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If an officer pulls me over (being age 20, under legal drinking age in America) and says he smells marijuana (which is impossible, given that I do not smoke, and can prove this via drug tests) anyway, given the fact that he used the basis of smelling weed to search the vehicle, he finds a handle of hard liquor, thus making me a minor in possession. MY question is this, if the officer had no reason to believe that I had ALCOHOL in my vehicle since he said he smelled weed AND there was no weed smell since I am currently on probation and CANT smoke weed, is the evidence (alcohol) admissible in court since he didn't have reasonable suspicion to find alcohol?
I hope this is clear, if anyone has any questions please reply, and if you can document legal precedents about your points it would be most appreciated.
-------------------- Great spirits have always encountered violent opposition from mediocre minds" - Albert Einstein
Im no expert on the subject, but I think the alcohol can be used in court only if he had probable cause to search the vehicle in the first place. If he searched your car on a marijuana suspicion and didnt find it, and you test negative for it both urine and hair, then the initial probable cause for him searching the vehicle is killed. Which basically means he has no case and you walk based on the 4th amendment.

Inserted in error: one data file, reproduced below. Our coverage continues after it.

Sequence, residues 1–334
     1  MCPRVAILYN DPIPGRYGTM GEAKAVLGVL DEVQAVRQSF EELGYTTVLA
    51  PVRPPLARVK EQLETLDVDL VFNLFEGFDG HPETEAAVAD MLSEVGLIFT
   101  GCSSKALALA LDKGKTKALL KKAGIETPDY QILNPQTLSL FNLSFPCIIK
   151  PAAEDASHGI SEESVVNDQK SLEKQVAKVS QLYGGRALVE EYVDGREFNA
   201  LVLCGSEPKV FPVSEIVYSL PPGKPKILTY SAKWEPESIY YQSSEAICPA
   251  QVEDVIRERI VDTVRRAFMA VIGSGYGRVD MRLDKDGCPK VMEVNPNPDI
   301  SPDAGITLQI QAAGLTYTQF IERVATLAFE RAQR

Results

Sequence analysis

There is not a lot of difference between a fox hole and a grave; but knowing that you dug your ditch and climbed in anyway.
I'm not a lawyer, and don't know for sure... the laws regarding cars and searches change a lot. Basically, you car is not your home, therefore the 4th amendment against unreasonable searches doesn't really apply (for whatever !@#$ed up reason) or the protection it does offer is a lot weaker than if you were in your home. This would be one of those cases that the cop is on pretty weak ground... you would still be arrested for possession, your car would be towed and inventoried, etc. The cop will do everything he can to get you to talk to bolster his case against you... he knows that there is a good chance the alcohol will not be allowed in court... so he needs to get you to admit to something. This is the same reason that he will tow your car... hoping that he can find drugs or something else to use against you once he inventories the contents of the car in impound. With money and a good lawyer, this would probably be dropped. However, you also mentioned probation, which isn't good. Even though the alcohol might not be allowed in court, you are still in violation of probation by having alcohol. I don't believe that your probation officer is restricted by the same rules of evidence that the courts are. Your probation officer can probably revoke your probation and have you tossed back into jail based on evidence obtained during the search and the fact that you were arrested, even if not convicted.
-------------------- Just another spore in the wind.
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